Calls for 60-year-old drivers to resit their driving test

An older couple enjoying a drive

Do you think older drivers should have to resit their driving test?

According to recent data, nearly one in three drivers believe people should resit their driving test when they turn 60 years old in order to improve road safety.

Open up the theory book again

Following a decline in confidence around driving, Compare The Market found that nearly one in three drivers believe people should resit their driving tests when they turn 60. More than half of drivers then think people should be tested again when they reach 70 years of age.

One-third of drivers have said they wouldn’t be able to repass their theory test if they had to take it again, with one in six saying they wouldn’t be capable of re-passing their practical driving test.

This lack of confidence has, as a result, led to calls for elderly drivers (aged 60-70) to be retested on their driving ability.

35% of drivers in Northern Ireland agree that elderly drivers should be rested, while 31% of those in Scotland think the same, as well as 28% of drivers in Wales.

Lessons in confidence

Currently, drivers aged 70 or over must renew their driving license every three years. At the end of 2021 there were also calls for elderly drivers to take mandatory eyesight tests.

However, a spokesperson for Compare The Market says more must be done to increase driving confidence among elderly drivers, by taking additional motorway-specific driving lessons for example.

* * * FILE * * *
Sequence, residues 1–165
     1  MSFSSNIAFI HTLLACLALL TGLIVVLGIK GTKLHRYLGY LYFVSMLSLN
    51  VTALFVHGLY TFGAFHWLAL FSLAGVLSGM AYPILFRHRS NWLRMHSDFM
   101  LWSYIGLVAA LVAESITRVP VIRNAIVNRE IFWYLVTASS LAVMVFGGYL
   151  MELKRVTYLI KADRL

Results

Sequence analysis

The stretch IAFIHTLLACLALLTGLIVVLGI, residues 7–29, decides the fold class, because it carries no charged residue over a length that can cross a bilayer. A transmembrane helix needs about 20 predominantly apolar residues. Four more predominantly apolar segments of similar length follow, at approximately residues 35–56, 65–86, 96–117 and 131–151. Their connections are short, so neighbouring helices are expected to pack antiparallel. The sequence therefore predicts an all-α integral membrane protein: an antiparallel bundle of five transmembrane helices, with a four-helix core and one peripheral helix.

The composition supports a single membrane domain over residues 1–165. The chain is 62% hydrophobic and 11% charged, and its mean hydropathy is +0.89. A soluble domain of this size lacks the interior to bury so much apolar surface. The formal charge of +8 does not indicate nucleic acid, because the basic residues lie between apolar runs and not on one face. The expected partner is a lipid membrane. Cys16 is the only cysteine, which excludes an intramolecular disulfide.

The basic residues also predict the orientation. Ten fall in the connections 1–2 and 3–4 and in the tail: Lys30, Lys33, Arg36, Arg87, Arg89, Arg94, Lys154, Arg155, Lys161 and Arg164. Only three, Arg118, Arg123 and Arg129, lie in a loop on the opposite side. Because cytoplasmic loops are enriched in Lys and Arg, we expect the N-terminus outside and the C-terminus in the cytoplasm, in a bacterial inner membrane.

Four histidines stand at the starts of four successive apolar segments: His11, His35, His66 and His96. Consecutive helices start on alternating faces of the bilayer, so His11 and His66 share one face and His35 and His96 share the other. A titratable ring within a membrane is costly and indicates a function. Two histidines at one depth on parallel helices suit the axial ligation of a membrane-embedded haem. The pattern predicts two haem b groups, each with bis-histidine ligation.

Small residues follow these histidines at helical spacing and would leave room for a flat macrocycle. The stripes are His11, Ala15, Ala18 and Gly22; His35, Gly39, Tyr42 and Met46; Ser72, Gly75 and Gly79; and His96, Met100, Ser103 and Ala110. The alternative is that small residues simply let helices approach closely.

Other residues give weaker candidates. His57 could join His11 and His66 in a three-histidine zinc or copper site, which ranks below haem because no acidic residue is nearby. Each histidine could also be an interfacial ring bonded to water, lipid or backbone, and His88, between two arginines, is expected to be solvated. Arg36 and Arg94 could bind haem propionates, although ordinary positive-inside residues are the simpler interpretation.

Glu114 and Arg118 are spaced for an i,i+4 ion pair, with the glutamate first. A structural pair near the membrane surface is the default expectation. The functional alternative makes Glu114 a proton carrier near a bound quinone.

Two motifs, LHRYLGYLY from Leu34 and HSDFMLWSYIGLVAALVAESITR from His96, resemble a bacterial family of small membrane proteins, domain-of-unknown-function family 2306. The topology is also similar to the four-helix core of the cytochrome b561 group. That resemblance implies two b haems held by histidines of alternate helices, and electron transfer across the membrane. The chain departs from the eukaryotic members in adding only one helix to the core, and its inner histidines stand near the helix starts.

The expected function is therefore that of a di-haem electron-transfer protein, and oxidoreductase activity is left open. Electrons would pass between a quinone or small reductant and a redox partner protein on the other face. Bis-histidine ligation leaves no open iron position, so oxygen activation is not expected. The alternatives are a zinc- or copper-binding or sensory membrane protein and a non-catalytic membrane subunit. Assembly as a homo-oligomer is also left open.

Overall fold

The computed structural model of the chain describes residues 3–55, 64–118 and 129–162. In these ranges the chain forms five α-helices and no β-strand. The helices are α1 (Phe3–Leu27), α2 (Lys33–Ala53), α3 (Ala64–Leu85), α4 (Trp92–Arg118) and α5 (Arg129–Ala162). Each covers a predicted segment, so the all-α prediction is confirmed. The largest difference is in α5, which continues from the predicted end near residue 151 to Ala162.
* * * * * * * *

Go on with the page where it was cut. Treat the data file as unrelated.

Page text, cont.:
“Age and experience were found to play a significant role in driving confidence.

“When asked how many years of driving experience respondents had when they felt the most confident, the research revealed confidence peaks between one and six years of driving experience and then significantly reduces around seven years.

“It’s therefore surprising that 57% of drivers say they have not taken any proactive steps to become more confident.

“When asking participants why they hadn’t chosen to take additional lessons, one in five agreed it was down to expense.”

Steve Gooding, director of the RAC Foundation, added: “Allowing older drivers to remain mobile is critical to their mental and physical wellbeing, but so is safety.”

Discover the most common motoring offences committed by young drivers.

Leave a Reply

Your email address will not be published. Required fields are marked *